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Surf Drive

Format: Photographs

Subject: Places

The Formation of Reticular Theory

In the nineteenth century, reticular theory aimed to describe the properties of neurons, the specialized cells which make up the nervous system, but was later disconfirmed by evidence. Reticular theory stated that the nervous system was composed of a continuous network of specialized cells without gaps (synapses), and was first proposed by researcher Joseph von Gerlach in Germany in 1871.

Format: Articles

Subject: Theories

Biological Clocks and the Formation of Human Tooth Enamel

Tooth enamel contains relics of its formation process, in the form of microstructures, which indicate the incremental way in which it forms. These microstructures, called cross-striations and striae of Retzius, develop as enamel-forming cells called ameloblasts, whcih cyclically deposit enamel on developing teeth in accordance with two different biological clocks. Cross-striations result from a twenty-four hour cycle, called a Circadian rhythm, in the enamel deposition process, while striae of Retzius have a longer periodicity.

Format: Articles

Subject: Processes

Somites: Formation and Role in Developing the Body Plan

Somites are blocks of mesoderm that are located on either side of the neural tube in the developing vertebrate embryo. Somites are precursor populations of cells that give rise to important structures associated with the vertebrate body plan and will eventually differentiate into dermis, skeletal muscle, cartilage, tendons, and vertebrae. Somites also determine the migratory paths of neural crest cells and of the axons of spinal nerves.

Format: Articles

Subject: Processes

"The Potency of the First Two Cleavage Cells in Echinoderm Development. Experimental Production of Partial and Double Formations" (1891-1892), by Hans Driesch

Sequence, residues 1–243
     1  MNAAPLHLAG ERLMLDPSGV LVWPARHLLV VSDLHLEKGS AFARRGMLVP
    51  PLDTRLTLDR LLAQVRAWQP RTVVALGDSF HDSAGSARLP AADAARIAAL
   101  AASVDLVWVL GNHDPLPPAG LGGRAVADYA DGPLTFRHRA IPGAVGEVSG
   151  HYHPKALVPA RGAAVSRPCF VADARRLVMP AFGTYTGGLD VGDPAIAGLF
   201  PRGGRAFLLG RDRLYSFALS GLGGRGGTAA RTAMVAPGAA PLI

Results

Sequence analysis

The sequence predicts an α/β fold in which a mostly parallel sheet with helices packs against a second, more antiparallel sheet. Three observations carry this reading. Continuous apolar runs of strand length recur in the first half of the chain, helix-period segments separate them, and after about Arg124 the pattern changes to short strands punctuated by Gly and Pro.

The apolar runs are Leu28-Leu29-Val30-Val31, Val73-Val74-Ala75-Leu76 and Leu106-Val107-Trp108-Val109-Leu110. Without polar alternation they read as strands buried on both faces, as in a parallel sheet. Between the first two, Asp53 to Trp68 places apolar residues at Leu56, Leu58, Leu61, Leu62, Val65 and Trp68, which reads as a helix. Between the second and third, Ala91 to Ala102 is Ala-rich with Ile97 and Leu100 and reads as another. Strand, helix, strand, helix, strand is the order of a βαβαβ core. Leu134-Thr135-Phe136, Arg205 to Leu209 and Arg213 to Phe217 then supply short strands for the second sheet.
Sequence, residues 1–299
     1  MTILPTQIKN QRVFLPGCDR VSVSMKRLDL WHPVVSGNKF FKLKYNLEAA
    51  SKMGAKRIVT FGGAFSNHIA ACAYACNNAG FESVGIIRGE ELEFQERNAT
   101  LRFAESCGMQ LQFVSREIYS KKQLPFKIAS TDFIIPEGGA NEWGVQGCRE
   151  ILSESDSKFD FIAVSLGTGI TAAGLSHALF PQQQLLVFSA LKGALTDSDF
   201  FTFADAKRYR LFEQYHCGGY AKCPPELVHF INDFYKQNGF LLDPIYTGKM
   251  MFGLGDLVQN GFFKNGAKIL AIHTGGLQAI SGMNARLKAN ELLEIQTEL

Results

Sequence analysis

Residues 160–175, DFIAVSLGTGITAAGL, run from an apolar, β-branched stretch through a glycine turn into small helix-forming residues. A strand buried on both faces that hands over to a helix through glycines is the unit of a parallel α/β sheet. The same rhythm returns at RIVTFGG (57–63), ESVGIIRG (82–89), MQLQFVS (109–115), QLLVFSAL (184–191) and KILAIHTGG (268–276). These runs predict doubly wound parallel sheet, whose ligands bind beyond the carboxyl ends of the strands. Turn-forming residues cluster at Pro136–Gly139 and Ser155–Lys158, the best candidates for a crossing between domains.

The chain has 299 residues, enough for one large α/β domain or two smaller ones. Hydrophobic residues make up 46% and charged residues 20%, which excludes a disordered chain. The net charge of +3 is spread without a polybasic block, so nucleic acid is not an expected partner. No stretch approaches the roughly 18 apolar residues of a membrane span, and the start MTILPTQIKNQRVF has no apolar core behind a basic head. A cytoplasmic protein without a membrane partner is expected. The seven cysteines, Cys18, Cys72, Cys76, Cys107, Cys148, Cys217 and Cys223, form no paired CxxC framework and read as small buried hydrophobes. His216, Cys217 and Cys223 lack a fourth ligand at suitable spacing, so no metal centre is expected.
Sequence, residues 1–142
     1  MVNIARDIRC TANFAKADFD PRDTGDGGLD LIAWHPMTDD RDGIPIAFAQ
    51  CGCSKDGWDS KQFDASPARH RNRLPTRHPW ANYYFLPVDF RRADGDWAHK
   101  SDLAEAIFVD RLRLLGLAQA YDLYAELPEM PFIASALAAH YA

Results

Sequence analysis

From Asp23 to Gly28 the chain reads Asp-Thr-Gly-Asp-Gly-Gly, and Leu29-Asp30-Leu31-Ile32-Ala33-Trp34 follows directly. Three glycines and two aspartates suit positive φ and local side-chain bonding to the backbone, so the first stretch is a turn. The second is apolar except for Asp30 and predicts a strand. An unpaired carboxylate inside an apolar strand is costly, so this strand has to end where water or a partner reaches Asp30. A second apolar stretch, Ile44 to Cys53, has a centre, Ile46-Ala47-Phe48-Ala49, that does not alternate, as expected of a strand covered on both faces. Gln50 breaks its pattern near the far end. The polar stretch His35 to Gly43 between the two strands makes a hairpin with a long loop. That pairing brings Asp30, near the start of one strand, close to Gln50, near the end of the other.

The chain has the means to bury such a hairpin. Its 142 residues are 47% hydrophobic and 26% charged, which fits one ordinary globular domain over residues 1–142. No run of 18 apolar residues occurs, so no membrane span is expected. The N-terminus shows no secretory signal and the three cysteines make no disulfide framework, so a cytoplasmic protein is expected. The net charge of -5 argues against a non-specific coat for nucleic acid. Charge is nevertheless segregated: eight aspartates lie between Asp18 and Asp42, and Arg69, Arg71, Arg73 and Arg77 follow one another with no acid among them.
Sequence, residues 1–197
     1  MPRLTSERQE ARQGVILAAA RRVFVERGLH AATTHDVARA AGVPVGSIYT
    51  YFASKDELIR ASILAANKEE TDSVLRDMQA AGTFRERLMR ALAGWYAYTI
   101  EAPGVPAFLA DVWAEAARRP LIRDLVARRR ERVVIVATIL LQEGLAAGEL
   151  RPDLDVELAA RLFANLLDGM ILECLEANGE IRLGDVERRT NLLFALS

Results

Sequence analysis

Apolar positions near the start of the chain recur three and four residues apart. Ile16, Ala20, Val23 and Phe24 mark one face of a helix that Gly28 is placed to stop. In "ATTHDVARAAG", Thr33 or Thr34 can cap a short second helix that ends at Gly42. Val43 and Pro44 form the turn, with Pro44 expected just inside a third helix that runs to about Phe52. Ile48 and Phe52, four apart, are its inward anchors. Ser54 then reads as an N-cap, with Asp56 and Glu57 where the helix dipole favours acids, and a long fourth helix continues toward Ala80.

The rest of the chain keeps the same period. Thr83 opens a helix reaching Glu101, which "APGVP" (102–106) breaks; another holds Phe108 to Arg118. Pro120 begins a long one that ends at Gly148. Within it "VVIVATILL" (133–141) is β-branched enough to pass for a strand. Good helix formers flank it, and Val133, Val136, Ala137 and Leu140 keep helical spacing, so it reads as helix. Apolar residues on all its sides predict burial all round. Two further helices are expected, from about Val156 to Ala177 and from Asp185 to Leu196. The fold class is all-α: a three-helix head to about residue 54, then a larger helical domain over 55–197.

Hans Adolf Eduard Driesch was a late-nineteenth and early-twentieth century philosopher and developmental biologist. In the spring of 1891 Driesch performed experiments using two-celled sea urchin embryos, the results of which challenged the then-accepted understanding of embryo development. Driesch showed that the cells of an early embryo, when separated, could each continue to develop into normal larval forms.

Format: Articles

Subject: Experiments, Publications

"Formation of Genetically Mosaic Mouse Embryos and Early Development of Lethal (t12/t12)-Normal Mosaics" (1964), by Beatrice Mintz

The paper "Formation of Genetically Mosaic Mouse Embryos and Early Development of Lethal (t12/t12)-Normal Mosaics," by Beatrice Mintz, describes a technique to fuse two mouse embryos into a single embryo. This work was published in the Journal of Experimental Zoology in 1964. When two embryos are correctly joined before the 32-cell stage, the embryo will develop normally and exhibit a mosaic pattern of cells as an adult.

Format: Articles

Subject: Experiments

Johann Friedrich Blumenbach (1752-1840)

In eighteenth century Germany, Johann Friedrich Blumenbach studied how individuals within a species vary, and to explain such variations, he proposed that a force operates on organisms as they develop. Blumenbach used metrical methods to study the history of humans, but he was also a natural historian and theorist. Blumenbach argued for theories of the transformation of species, or the claim that new species can develop from existing forms.

Format: Articles

Subject: People

The inductive capacity of oral mesenchyme and its role in tooth development (1969-1970), by Edward J. Kollar and Grace R. Baird

Between February 1969 and August 1970 Edward Kollar and Grace Baird, from the University of Chicago in Chicago, Illinois, published three papers that established the role of the mesenchyme in tooth induction. Drawing upon a history of using tissue interactions to understand differentiation, Kollar and Baird designed their experiments to understand how differentiated structures become specified. Their work overturned a widely accepted model that epithelium controls the identity of the structure, a phenomenon called structural specificity.

Format: Articles

Subject: Experiments

The Role of the Notch signaling pathway in Somitogenesis

Among other functions, the Notch signaling pathway contributes to the development of somites in animals. It involves a cell signaling mechanism with a wide range of functions, including cellular differentiation, and the formation of the embryonic structures (embryogenesis). All multicellular animals use Notch signaling, which is involved in the development, maintenance, and regeneration of a range of tissues. The Notch signaling pathways spans two cells, and consists of receptor proteins, which cross one cell's membrane and interacts with proteins on adjacent cells, called ligands.